[Lazarus] What is a TSQLTransaction and why do I need one?

Joost van der Sluis joost at cnoc.nl
Tue Nov 30 13:08:56 CET 2010

On Tue, 2010-11-30 at 11:54 +0100, michael.vancanneyt at wisa.be wrote:
> On Tue, 30 Nov 2010, Joost van der Sluis wrote:
> > On Mon, 2010-11-29 at 17:57 +0100, michael.vancanneyt at wisa.be wrote:
> >> Procedure TSQLConnection.CreateDefaultTransaction;
> >>
> >> If coAutoTransaction is set, and TSQLQuery does not have a TSQLTransaction
> >> assigned, it creates one through TSQLConnection.CreateDefaultTransaction.
> >> (It should be of type TSQLAutoTransaction, a simple descendent of
> >> TSQLtransaction, so detection of 'default transaction' is simple)
> >>
> >> Whenever a TSQLQuery statement is executed and the transaction of TSQLTransaction is
> >> of type TSQLAutoTransaction, then it automatically commits (more flags can be introduced
> >> for this).
> >
> > This doesn't change Alexsander problem, because there's still the same
> > transaction. Only difference is that he doesn't have to place it on the
> > form.
> I thought that exactly this was his problem ? Namely, that he is forced to
> use a transaction component.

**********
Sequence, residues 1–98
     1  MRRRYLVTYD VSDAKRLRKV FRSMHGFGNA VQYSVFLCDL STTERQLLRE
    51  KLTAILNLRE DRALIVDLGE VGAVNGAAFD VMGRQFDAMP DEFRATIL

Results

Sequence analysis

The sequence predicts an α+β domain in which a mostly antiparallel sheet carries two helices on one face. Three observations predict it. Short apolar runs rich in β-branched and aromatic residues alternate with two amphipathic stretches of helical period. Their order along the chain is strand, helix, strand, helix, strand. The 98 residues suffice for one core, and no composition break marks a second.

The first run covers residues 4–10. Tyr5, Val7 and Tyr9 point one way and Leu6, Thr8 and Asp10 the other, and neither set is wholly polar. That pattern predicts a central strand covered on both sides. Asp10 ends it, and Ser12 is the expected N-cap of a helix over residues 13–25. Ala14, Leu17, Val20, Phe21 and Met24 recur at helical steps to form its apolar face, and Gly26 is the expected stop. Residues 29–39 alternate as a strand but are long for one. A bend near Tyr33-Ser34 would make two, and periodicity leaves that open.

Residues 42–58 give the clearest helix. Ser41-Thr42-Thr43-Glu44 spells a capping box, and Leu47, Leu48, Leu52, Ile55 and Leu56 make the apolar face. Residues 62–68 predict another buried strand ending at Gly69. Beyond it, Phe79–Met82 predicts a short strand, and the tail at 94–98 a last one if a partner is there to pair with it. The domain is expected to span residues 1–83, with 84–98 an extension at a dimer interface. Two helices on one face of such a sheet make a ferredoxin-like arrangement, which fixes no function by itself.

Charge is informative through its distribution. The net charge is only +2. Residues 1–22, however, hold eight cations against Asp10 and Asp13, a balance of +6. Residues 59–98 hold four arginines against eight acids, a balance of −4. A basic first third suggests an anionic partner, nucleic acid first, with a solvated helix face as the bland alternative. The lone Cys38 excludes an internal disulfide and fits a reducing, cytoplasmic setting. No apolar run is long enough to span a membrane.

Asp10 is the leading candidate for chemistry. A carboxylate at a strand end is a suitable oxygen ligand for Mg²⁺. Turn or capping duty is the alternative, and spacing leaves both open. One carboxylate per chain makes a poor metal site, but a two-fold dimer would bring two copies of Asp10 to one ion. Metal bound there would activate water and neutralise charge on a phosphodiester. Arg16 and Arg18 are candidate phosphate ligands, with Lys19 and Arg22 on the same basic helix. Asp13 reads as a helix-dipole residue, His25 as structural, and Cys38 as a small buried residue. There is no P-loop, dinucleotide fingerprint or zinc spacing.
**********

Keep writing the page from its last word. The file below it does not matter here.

No, his problem is that the table was locked. He thinks/though(?) that
the reason for this is/was that he had to explicitly create the
transaction component. While Zeos didn't use any transaction.

This is simply not true. The difference with Zeos is that Zeos by
defaults opens a implicit transaction which is closed immediately after
fetching the data. And all data is fetched at once, so the lock is there
for only a very short time. So, depending on his implementation, he
won't notice the lock, or it will pop up as a random bug in the
application, which will only occur at some spare moments. (More under
heavy load)

The other solution would be to change the transaction-isolation level.
Maybe that Zeos by default also uses another transaction-isolation

> > Besides that, I think that disabling the explicit transaction for
> > Postgres can be done much easier.
> Maybe, but that would be a postgres-only solution, which I don't think is good. 
> I heavily oppose such a solution: SQLDB should behave the same on all databases.
> My proposal would work on all platforms, and alleviates Alexsander's problem.

I think we should not change a thing, until the problem is clear. Maybe
we can come up with some 'general' transaction-isolation levels. The
reason they are not implemented in a general way is that each DB has
it's own locking-style.


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